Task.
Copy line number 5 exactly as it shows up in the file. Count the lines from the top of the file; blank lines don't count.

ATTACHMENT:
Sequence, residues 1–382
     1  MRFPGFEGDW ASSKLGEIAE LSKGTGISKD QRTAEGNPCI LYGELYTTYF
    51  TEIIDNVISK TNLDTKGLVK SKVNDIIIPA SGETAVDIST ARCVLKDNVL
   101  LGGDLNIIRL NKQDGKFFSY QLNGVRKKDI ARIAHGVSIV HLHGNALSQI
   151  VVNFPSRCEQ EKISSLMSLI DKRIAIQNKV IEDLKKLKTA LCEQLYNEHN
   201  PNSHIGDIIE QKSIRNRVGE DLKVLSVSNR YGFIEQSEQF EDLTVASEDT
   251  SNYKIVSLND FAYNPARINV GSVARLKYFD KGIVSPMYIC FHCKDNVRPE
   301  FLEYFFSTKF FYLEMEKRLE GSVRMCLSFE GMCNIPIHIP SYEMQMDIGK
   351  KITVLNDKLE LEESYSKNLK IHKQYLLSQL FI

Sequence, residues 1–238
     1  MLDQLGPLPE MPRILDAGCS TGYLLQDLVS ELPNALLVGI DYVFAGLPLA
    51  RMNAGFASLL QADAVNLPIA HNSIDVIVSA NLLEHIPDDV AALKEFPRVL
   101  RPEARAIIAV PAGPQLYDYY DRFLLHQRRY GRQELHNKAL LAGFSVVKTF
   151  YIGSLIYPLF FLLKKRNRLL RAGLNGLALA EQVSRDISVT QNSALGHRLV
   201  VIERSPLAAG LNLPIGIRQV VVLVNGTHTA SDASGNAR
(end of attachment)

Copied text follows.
   151  VVNFPSRCEQ EKISSLMSLI DKRIAIQNKV IEDLKKLKTA LCEQLYNEHN